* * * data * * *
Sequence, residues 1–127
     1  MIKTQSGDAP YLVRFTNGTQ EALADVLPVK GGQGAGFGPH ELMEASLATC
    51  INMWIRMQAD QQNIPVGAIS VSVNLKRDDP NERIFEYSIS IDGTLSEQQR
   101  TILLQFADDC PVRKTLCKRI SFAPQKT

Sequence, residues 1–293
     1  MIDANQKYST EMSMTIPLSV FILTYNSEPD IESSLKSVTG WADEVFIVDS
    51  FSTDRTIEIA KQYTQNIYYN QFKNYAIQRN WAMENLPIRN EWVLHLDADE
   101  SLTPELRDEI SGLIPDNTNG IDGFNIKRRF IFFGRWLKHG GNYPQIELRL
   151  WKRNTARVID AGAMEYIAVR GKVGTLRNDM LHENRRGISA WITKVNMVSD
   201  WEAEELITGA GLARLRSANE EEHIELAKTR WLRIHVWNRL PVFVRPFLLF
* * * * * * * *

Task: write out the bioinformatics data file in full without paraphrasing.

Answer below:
Sequence, residues 1–127
     1  MIKTQSGDAP YLVRFTNGTQ EALADVLPVK GGQGAGFGPH ELMEASLATC
    51  INMWIRMQAD QQNIPVGAIS VSVNLKRDDP NERIFEYSIS IDGTLSEQQR
   101  TILLQFADDC PVRKTLCKRI SFAPQKT

Sequence, residues 1–293
     1  MIDANQKYST EMSMTIPLSV FILTYNSEPD IESSLKSVTG WADEVFIVDS
    51  FSTDRTIEIA KQYTQNIYYN QFKNYAIQRN WAMENLPIRN EWVLHLDADE
   101  SLTPELRDEI SGLIPDNTNG IDGFNIKRRF IFFGRWLKHG GNYPQIELRL
   151  WKRNTARVID AGAMEYIAVR GKVGTLRNDM LHENRRGISA WITKVNMVSD
   201  WEAEELITGA GLARLRSANE EEHIELAKTR WLRIHVWNRL PVFVRPFLLF